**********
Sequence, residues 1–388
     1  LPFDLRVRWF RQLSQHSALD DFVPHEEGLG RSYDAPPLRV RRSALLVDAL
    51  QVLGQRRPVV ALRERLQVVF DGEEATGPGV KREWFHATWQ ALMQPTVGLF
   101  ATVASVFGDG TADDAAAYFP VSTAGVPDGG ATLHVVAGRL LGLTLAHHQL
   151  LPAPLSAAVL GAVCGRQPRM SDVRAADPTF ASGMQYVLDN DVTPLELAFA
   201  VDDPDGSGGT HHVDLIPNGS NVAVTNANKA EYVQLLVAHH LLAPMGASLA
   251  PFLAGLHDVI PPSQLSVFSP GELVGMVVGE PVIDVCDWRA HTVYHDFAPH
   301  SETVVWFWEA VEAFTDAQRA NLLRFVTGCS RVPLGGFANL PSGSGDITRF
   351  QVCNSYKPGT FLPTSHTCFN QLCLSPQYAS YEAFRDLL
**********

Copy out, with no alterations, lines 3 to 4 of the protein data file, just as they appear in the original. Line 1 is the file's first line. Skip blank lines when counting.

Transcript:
    51  QVLGQRRPVV ALRERLQVVF DGEEATGPGV KREWFHATWQ ALMQPTVGLF
   101  ATVASVFGDG TADDAAAYFP VSTAGVPDGG ATLHVVAGRL LGLTLAHHQL